Renault Megane Sport Tourer (2016 – 2022) Review

Renault Megane Sport Tourer (2016 – 2022) At A Glance

Honest John Overall Rating
Well priced with a solid build quality, the Megane Sport Tourer is easy to recommend if you're after a versatile estate that's still compact and easy to park.

+Usefully large boot with underfloor storage, comfortable and easy to drive, impressive TCe petrol engines, good value for money.

-Limited engine range, not the most spacious in the class.

Insurance Groups are between 14–27
On average it achieves 76% of the official MPG figure

The Renault Megane Sport Tourer is the expected spin-off from the Megane hatch, designed to compete in the congested compact estate segment that is dominated by cars like the Volkswagen Golf Estate, Ford Focus Estate and Vauxhall Astra Sports Tourer. It builds on the stylish exterior of the original hatchback while adding useful extra space. It’s looks are a big part of its appeal and the interior is also attractive, but the rest of the package is lacking make it hard to recommend over several of its rivals. It’s not the most spacious or the best to drive, although it does represent good value for money.

In a world dominated by SUVs you'd be forgiven for thinking that smaller estates like the Megane Sport Tourer have had their day. And while it's true they're not as popular with UK buyers as they are in the rest of Europe, they're in demand enough that the likes of Volkswagen, Ford and Kia all sell an estate version of their family hatchbacks.

It's a neatly designed wagon that's easy on the eye, but what stands out is its value for money. Prices start from around £20,000 and even entry-level models at this price are well equipped, undercutting many of its key rivals and putting it in contention with brands that are considered more value propositions.

There were originally six engines in the range, starting with a 130PS 1.2 TCe petrol while the sporty GT version has 205PS from a 1.6-litre engine. This gets a four-wheel steering system called 4Control, designed to make the car feel more agile, whether on a twisting road or in tight urban traffic.

The cheapest diesel was the 1.5-litre dCi 110. The diesels make sense for big mileage drivers and the 1.5-litre unit is impressively quiet as well as economical and was also available with the EDC automatic gearbox.

In 2019, the Megane Sport Tourer range was simplified with just two engines now available - the TCe 140 or the dCi 115 - both with either a six-speed manual or six-speed EDC automatic. The TCe makes the most sense for the vast majority of drivers plus it is quiet and more than quick enough.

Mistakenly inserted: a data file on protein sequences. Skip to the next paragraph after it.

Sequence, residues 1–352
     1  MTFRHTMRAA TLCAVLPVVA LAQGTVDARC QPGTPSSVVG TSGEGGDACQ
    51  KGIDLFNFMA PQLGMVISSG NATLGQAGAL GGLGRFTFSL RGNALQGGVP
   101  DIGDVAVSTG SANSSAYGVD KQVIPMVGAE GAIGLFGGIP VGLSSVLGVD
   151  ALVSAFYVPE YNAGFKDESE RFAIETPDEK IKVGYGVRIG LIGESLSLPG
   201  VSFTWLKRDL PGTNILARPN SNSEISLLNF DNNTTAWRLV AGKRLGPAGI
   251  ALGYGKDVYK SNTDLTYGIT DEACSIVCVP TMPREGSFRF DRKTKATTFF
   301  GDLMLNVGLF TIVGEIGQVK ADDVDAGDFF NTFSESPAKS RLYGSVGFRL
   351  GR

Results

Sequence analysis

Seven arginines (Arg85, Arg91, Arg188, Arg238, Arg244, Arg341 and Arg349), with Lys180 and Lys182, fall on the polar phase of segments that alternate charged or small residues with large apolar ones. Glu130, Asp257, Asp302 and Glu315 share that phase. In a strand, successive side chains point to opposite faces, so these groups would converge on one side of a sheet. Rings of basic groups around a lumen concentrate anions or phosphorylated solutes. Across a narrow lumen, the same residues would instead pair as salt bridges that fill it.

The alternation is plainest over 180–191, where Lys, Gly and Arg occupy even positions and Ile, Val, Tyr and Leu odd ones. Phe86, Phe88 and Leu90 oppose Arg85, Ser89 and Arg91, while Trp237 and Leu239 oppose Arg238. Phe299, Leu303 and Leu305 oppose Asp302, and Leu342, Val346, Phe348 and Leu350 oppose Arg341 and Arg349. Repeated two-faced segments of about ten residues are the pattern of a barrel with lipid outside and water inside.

Boot space remains the same as the old Megane estate at 580 litres. That's not the biggest around, but it's very useable with no load lip and extra storage under the boot floor. The load length has been improved over the previous model however, and there is also a flip up section to prevent items falling over and rolling around in the back.

The quality of the interior is one of the Megane Sport Tourer’s best features. It’s true that there are some harder plastics lower down, but the dash and door tops have soft touch materials while the steering wheel and gear lever are a big step up in quality compared to the previous Megane.

Higher specification models also feature an attractive portrait-style touchscreen, and although it might not be the best in terms of functionality it feels like a classy addition to the cabin.

There are a few niggles, the infotainment system could be better while the high clutch pedal isn't great, but overall the Renault is a comfortable and easy to live with family hauler.

Ask Honest John

Is turbo cool down necessary for modern cars?

"I've just acquired my first turbo car, a Renault Megane GT Sport and am somewhat unclear about the need for turbo cool down. My manual doesn't mention it and the dealer says its not necessary on modern cars. Am I correct in assuming that the turbo reacts to throttle demand, if so it feels like a 20 to 30 mph drive across town will hardly heat up the turbo enough to require a cool down. Similarly what about a steady motorway cruise at pretty much constant speed. It seems faintly ridiculous to sit with the engine at idle for two minutes after a gentle 10 minute drive at 30mph to the nearest Tesco. I'm really keen to look after my motor. Can you give me some meaningful advice?"
Assuming this is a petrol engine (you didn't say), the turbo is cooled both by engine coolant running through a water jacket and by engine oil running through the turbo bearings. But a turbo can still become extremely hot after racing, after running at constant speed on a motorway, after a long ascent, or after towing and if you switch off immediately the oil in the turbo bearing oil feed and oil return pipes and in the turbo itself can carbonise, contaminating the engine oil and restricting the oil flow through the turbo bearing. So best to let it idle for a minute or two in these circumstances. If the engine has stop/start and it switches off automatically, no need to worry. But if it continues to run, do not switch off. No need to worry about any of this after short, suburban journeys. The turbo won't get too hot.
Answered by Honest John
More Questions

What does a Renault Megane Sport Tourer (2016 – 2022) cost?